I’ve been looking out for infelicitous phrases for a while, and I think my previous posts in this series have nearly exhausted my curmudgeonly policing of language. So in the past two months I have just two pharses. But they’re phrases that one hears a lot.
Now before you start telling me that “languages evolves,” don’t bother, for I’m highlighting phrases that bother me. You have such phrases. too (and eliciting them is what I intend to do), while other folks, being liberal minded, will say that it’s fine that phrases like “begs the question” can be used to mean “raises the question”. After all, languages changes. But this is not the post to point that out.
As usual, I take my examples from HuffPost, whose writers cannot write without Twitter and must lean on language that they think is trendy.
a.) “Deep dive”. This simply means a “close look”, or, if you want to be fancy, a “thorough analysis”. You will never hear me use this phrase, but HuffPost uses it often. Here’s but one example:
But it’s not just HuffPost! The New York Times uses it, too!
b.) “Perfect storm”. Now if you really want to sound au courant, just use this phrase to refer to the concatenation of factors that aggravate a situation. (Don’t get me started on “aggravate”!). The words were popularized by the eponymous 2000 disaster movie in which a boat and its crew are lost in a terrible storm. (The title came from the 1997 nonfiction book that inspired the film.) And, of course, HuffPost is aboard the linguistic Andrea Gale:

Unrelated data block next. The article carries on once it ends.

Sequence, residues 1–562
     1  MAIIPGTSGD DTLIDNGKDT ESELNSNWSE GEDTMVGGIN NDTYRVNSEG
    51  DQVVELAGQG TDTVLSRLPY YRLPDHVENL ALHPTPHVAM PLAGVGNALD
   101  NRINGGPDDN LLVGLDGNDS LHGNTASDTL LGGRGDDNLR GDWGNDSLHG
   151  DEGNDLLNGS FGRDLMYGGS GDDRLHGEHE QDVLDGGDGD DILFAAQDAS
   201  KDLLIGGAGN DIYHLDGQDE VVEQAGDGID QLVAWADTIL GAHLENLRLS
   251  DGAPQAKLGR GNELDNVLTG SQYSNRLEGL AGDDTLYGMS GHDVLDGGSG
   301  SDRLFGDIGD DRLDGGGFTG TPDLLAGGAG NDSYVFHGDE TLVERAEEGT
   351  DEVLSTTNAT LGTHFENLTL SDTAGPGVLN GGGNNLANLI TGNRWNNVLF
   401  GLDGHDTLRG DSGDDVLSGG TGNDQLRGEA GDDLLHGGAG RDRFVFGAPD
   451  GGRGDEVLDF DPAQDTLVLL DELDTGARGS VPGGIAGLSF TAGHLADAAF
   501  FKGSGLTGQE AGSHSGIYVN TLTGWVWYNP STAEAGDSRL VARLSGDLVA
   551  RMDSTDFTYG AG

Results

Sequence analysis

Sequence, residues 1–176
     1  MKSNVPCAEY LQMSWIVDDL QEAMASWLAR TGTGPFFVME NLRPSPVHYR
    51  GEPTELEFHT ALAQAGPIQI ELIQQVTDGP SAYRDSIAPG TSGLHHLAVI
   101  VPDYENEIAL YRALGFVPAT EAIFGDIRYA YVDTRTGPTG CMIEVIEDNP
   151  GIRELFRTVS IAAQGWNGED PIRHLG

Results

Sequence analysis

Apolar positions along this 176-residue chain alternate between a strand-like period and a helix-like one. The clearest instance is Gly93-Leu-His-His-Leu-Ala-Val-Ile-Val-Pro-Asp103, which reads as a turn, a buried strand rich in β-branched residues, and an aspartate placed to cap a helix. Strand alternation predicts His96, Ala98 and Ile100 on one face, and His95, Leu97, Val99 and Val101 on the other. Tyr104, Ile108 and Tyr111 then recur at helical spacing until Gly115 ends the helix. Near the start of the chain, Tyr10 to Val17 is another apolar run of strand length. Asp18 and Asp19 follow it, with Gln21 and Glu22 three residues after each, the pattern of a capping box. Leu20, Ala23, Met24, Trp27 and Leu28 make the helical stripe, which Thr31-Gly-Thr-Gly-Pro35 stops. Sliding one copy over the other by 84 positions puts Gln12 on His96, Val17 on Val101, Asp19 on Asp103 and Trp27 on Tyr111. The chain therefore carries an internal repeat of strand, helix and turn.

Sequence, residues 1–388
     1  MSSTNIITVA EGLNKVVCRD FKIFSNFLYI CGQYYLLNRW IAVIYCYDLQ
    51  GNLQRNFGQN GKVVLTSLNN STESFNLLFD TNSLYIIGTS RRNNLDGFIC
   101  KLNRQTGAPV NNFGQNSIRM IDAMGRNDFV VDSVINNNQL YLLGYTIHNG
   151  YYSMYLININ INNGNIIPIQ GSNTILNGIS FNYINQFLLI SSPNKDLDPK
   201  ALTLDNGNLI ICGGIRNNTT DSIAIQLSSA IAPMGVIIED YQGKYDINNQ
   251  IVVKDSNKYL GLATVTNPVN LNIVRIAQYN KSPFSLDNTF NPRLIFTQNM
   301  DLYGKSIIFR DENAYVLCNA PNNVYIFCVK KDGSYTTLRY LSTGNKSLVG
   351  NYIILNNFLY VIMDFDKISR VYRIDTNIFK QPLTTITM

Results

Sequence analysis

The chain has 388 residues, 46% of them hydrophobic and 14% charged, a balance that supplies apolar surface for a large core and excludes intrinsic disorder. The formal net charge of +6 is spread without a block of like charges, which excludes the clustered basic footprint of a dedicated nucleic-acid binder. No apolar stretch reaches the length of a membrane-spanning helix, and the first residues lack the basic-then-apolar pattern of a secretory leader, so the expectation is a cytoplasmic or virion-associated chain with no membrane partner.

Note that in the headline above, “perfect storm” is in quotation marks, which indicates, perhaps, that the author knows he’s not writing something quite right. And he isn’t: for there are not multiple concatenating factors here that worsen a situation, but just a proposed sequence of violent episodes. Still, Mr. Mathias wants to sound cool, so he uses it anyway.
But the New York Times uses it as well. Here’s just one example:
At least they use it to refer to a series of concatenating factors that, together, could cause a big disaster. But a good writer doesn’t just lean on these trite phrases. Instead, as Orwell urged, try thinking up your own fresh metaphors or similes. For that is the mark of language that’s a pleasure to read.
Now you know the drill: cough up some words or phrases that annoy you. Curmudgeon time!